Adopt Pfumvudza for increased yield – Cottco
Edgar Vhera Agriculture Specialist Writer
COTTON farmers have been called on to adopt the Pfumvudza concept (conservation agriculture) to increase yields and boost national output.
Cottco acting chief accounting officer Mr Munyaradzi Chikasha recently said this at a cotton field day held at Mr Lyben Sithole’s homestead in Munepasi Village of Ward 26 in Chipinge District.
“If farmers adopt the Pfumvudza concept we hope to increase the yield per unit area. The biggest challenge we have is that farmers are sometimes planting more than they are able to manage,” said Mr Chikasha.
The Pfumvudza concept allows farmers to practice the good agronomic practices of 4R (right seed, input, time and placement) for maximum growth.
Mr Chikasha said if farmers were to concentrate their efforts on a reasonable unit, they would get improved yields as Cottco targets to reach 120 million kilogrammes of seed cotton next year from the likely 100 kg million this year.
Lands, Agriculture, Fisheries, Water and Rural Development Deputy Minister Mr Vangelis Haritatos said Government introduced the Pfumvudza cotton concept to mitigate the negative effects of climate change and increase production and productivity.
“Pfumvudza cotton is an initiative by Government to boost production with farmers being cushioned by provision of inputs under the Presidential Input Scheme.
Cotton removes carbon emissions from the atmosphere as it sinks 150 times more carbon dioxide than it produces.
Conservation tillage practiced under Pfumvudza cotton further helps in carbon sequestration.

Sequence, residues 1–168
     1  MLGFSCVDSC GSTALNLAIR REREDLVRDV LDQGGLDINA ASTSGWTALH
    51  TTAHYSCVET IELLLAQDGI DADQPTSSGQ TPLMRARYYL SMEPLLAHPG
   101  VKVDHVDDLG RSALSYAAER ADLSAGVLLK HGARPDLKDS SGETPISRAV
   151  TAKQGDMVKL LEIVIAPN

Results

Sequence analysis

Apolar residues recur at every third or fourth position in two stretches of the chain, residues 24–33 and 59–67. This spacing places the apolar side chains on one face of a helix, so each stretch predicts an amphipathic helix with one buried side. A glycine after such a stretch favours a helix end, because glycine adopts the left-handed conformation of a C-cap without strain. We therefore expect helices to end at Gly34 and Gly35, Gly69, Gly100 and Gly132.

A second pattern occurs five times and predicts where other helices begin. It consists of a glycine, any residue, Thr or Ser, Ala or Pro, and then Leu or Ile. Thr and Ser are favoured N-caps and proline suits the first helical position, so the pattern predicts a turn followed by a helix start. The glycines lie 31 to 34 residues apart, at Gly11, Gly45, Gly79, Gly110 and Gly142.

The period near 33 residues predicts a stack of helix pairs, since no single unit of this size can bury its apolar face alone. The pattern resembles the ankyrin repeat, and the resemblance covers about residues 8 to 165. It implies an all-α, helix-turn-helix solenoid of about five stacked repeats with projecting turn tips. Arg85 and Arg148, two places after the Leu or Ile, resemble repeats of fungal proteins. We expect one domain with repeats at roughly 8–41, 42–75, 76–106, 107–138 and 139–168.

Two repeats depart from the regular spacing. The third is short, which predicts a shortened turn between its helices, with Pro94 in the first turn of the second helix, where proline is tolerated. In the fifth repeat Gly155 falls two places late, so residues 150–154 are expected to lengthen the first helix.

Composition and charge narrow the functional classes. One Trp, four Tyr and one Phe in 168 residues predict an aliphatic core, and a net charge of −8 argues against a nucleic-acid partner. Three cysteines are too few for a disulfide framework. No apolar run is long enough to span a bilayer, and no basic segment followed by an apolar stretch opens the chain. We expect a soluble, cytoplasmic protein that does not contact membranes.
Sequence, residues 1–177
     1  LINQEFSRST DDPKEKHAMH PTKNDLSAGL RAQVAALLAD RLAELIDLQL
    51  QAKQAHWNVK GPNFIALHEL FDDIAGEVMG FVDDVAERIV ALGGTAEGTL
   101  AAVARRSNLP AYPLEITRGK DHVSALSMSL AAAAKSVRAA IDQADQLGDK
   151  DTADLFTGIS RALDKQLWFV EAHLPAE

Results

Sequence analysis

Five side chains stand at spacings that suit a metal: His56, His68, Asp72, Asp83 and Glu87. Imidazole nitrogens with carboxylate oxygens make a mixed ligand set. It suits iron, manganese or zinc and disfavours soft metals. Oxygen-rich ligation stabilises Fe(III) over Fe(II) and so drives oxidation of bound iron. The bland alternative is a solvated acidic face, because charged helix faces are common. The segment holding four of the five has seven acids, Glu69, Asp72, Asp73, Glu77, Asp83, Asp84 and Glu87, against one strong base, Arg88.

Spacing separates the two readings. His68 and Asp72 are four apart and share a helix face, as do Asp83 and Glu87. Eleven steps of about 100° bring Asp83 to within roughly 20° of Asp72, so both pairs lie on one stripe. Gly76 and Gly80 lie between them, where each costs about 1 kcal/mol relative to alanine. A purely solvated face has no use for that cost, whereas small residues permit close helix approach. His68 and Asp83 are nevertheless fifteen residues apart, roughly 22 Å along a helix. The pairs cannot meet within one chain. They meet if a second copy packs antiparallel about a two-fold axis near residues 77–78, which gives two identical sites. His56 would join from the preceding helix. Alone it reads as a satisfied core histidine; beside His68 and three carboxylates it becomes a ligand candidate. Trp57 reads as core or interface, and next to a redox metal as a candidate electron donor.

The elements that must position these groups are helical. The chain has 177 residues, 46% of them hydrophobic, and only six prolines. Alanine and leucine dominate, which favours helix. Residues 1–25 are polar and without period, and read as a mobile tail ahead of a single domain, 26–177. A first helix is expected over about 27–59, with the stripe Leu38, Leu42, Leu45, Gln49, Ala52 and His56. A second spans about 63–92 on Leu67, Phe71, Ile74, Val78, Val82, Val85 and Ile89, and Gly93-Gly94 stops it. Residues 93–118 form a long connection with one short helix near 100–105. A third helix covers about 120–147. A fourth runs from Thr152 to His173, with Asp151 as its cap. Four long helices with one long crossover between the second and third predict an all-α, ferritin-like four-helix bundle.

Dep Min Haritatos chronicled the journey of the host farmer who was producing 20 bales under conventional farming and had increased output to 200 bales.
He said better farmer viability and sustainability would encourage more farmers to venture into cotton production next season.
“The Government has upped dam construction for irrigation development. In the 2018/19 season four farmers started cotton production under irrigation and the number has since grown to 211,” added Mr Haritatos.
The host farmer, Mr Sithole, the Government for provision of inputs under the Presidential Input Scheme saying this had transformed his life for the better.
“I planted 20 hectares under dryland this season up from 15ha last season. I am expecting 350 bales and my average yield is around 16 bales per hectare,” said Mr Sithole.
Mr Sithole said he managed to electrify his homestead, has three grinding mills, built a large shed to store his crop and built a house in Harare.
He is now offering employment to about 30 people who pick cotton.
Cotton is a lucrative and economical viable crop that provides livelihoods to over two million households.